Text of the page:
Big Tobacco: absolving the corporate conscience



After my enraged outburst against the seemingly callous indifference of the big tobacco companies to the immense suffering they cause to millions of families around the world, I decided I should do a bit more than just rant and rave.

So, taking a deep breath, I wrote to the chairs of the boards of the two big UK based companies, inviting them to come with me to meet some bereaved parents whose babies died suddenly and unexpectedly and for whom, their own addiction to cigarettes was undoubtedly a contributory factor. I didn’t expect anything great, but I felt that maybe, if they did accept and were to hear, first hand, these families’ stories, maybe, just maybe, it might touch something.




Richard Burrows: Chair of Board of Directors, British American Tobacco
Richard Burrows: Chair of Board of Directors, British American Tobacco
Mark Williamson Chair of Board of Directors, Imperial Tobacco
Mark Williamson Chair of Board of Directors, Imperial Tobacco

As I looked, on their websites, at the ordinary, human faces of the directors of these companies, I felt once more saddened and angry: surely, these were normal human beings, just like you and me, with friends and families whom they loved and cared for. And yet, somehow, these people could sit in their offices and corporate board rooms, thinking about profits and marketing strategies and all the other things that directors think about, while blocking off the death and suffering their products are causing.

After a long gap, I did hear back from the head of corporate affairs at British American Tobacco. Not surprisingly, they turned down my offer for a meeting with bereaved parents. As they pointed out, it is probably ‘not appropriate for us to play the role of adviser on public health issues.’



“We clearly acknowledge the reported risks related to smoking while pregnant and explicitly endorse the advice of health professionals such as yourself to refrain from smoking during pregnancy. We also agree that people should not smoke in the vicinity of children.”

– British American Tobacco


Imperial Tobacco has remained silent.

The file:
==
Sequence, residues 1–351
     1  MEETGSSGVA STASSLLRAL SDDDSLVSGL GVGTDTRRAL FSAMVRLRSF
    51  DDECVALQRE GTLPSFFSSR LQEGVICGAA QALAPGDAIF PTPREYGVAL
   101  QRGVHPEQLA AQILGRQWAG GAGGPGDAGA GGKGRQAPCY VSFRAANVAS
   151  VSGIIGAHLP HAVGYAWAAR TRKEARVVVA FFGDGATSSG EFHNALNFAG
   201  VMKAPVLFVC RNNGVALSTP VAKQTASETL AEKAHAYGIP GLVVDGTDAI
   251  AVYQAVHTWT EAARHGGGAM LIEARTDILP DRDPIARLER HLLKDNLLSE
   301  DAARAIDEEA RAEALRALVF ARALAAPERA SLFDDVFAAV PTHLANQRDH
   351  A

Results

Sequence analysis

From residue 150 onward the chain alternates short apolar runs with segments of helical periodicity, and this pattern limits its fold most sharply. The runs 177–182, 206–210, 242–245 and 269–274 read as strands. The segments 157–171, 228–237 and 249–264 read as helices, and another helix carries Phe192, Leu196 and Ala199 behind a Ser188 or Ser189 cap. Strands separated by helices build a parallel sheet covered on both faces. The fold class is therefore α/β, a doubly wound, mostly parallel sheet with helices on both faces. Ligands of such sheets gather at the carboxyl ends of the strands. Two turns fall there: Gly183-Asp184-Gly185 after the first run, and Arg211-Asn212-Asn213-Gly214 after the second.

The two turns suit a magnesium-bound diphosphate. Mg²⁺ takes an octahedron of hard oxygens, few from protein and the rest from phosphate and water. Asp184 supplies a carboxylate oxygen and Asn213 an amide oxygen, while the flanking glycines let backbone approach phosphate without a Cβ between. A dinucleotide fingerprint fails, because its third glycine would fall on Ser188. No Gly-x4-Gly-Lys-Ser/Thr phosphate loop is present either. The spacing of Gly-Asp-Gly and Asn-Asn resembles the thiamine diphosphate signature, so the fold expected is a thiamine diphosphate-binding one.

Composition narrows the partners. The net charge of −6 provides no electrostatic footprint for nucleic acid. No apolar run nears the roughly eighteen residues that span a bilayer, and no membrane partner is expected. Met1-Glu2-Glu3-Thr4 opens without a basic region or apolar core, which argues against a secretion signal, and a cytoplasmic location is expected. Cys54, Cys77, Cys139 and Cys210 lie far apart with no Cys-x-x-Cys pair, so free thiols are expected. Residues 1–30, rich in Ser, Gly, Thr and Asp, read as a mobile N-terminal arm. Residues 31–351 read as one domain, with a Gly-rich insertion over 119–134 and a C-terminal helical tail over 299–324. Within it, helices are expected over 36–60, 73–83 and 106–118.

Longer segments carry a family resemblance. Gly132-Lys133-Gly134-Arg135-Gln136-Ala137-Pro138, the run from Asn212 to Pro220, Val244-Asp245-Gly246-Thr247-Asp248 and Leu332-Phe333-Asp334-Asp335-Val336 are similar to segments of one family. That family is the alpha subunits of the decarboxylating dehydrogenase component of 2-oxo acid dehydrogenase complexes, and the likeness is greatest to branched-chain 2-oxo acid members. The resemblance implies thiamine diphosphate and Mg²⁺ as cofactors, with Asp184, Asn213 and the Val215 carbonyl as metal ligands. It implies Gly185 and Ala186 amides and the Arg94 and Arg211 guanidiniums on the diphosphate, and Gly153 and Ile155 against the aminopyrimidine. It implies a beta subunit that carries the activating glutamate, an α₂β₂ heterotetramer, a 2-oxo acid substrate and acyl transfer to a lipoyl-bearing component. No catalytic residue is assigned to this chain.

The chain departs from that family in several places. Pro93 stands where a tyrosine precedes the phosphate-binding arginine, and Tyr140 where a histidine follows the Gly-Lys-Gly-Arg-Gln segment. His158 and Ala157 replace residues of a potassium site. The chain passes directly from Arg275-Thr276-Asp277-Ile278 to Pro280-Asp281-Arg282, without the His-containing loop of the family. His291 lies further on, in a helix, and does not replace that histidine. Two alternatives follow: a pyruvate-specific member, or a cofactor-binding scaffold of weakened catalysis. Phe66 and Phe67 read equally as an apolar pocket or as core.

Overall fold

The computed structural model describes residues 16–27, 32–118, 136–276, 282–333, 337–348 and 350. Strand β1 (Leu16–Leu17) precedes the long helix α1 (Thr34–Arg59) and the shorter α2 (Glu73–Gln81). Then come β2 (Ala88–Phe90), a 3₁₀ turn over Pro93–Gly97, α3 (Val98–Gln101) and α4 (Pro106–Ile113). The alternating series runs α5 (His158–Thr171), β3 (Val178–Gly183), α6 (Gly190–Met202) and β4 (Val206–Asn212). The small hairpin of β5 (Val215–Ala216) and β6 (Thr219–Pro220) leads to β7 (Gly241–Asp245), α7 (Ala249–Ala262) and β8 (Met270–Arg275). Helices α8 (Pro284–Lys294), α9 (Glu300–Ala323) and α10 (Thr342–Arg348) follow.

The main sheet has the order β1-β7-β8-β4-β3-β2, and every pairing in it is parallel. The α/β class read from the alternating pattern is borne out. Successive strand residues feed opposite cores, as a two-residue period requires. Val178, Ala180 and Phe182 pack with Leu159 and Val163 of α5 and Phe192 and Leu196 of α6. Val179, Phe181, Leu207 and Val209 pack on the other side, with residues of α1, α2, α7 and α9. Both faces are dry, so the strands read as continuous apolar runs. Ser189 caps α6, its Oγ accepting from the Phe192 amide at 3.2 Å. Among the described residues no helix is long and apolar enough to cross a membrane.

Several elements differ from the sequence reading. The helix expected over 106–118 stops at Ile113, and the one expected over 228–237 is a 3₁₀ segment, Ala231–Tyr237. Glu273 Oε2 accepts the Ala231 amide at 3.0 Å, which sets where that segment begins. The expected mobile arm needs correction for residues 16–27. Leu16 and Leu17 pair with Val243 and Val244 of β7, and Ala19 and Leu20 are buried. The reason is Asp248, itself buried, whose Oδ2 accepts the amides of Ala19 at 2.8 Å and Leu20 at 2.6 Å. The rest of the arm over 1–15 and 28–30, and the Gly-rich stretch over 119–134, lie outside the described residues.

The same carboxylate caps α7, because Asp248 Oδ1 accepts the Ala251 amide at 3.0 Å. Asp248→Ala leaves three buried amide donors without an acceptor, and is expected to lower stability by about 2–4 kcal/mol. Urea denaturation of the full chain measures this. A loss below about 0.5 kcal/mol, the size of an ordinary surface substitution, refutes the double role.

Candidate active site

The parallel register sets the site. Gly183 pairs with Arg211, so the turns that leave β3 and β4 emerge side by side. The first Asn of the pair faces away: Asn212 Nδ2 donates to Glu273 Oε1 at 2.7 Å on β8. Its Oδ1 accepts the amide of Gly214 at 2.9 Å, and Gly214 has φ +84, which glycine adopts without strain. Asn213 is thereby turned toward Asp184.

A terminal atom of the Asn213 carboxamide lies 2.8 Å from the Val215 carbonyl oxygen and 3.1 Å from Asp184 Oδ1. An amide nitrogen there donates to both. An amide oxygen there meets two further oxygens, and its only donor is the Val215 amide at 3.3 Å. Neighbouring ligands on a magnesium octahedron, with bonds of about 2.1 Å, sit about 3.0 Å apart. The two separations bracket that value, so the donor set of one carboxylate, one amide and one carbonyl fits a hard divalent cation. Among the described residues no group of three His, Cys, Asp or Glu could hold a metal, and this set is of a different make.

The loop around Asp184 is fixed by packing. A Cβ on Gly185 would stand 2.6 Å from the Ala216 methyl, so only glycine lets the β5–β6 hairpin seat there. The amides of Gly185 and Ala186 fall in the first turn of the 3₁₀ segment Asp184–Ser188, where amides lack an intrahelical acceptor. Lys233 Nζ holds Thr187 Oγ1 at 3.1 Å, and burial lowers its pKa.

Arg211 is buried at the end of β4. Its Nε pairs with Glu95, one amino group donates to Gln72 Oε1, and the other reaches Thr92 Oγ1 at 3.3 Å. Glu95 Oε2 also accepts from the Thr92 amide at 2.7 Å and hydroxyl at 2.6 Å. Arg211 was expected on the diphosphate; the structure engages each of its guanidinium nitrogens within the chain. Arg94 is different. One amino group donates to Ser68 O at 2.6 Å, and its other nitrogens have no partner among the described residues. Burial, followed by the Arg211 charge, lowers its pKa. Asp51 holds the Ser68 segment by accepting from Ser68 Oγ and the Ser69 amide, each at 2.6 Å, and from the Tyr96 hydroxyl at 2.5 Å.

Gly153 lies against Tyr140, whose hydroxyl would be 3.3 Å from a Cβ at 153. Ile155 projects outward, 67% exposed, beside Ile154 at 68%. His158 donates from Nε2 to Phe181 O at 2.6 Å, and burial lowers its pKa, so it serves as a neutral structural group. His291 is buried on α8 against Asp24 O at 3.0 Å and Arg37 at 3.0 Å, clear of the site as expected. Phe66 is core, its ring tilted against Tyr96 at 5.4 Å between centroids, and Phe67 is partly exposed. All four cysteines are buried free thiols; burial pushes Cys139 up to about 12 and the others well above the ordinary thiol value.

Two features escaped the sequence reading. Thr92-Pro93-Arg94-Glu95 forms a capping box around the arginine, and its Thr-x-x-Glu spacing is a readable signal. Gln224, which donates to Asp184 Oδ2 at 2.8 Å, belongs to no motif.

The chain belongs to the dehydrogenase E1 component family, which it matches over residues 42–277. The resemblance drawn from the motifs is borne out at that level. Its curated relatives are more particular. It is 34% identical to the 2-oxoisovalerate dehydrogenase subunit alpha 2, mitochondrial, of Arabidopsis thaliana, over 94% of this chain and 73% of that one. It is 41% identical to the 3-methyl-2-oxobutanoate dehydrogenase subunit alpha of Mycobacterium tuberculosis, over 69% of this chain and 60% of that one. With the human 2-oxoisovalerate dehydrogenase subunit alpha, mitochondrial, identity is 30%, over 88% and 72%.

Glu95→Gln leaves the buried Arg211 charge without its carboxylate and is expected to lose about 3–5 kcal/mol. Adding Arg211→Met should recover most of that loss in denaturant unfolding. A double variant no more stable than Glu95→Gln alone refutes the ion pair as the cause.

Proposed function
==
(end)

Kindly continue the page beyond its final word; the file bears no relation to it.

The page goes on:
So does acknowledging the risks absolve the corporate conscience?

And meanwhile, while hundreds of babies die as a result of exposure to parental cigarette smoke, and millions worldwide suffer and die of diseases caused by tobacco, the corporate giants will continue to manufacture and promote their wares.

This coming week, the High Court in London will rule on a challenge by British American Tobacco PLC, Imperial Tobacco Group PLC, Japan Tobacco International and Philip Morris International Inc. against the UK parliament’s vote to ban branded packaging of cigarettes. If the High Court rules in favour of the government, this will come into effect in May next year, marking a huge step forward in the battle against tobacco, and following Australia who went that way in 2012 and have since seen smoking prevalence decline from 19.4% to 17.2% (with a quarter of that decline being attributed to the introduction of plain packaging).

I don’t know how much the court case will have cost, but I suspect it is not unreasonable to guess that hundreds of thousands of pounds of taxpayers’ money has been spent in fighting the challenge, money that could, instead, have been invested in health, education or welfare. And that, too, makes me angry.



4 thoughts on “Big Tobacco: absolving the corporate conscience

  1. I have found in my work over the past decades that families rarely associate infant death with cigarette exposure. I would often hear from families that they knew about lung disease and some knew about the risks of heart disease but rarely did they know about tobacco exposure and sudden death in infancy. There are gaps here in the US when it comes to education of the relationship between cigarette exposure and sudden infant deaths. We can do better. Thanks for not being silent Peter!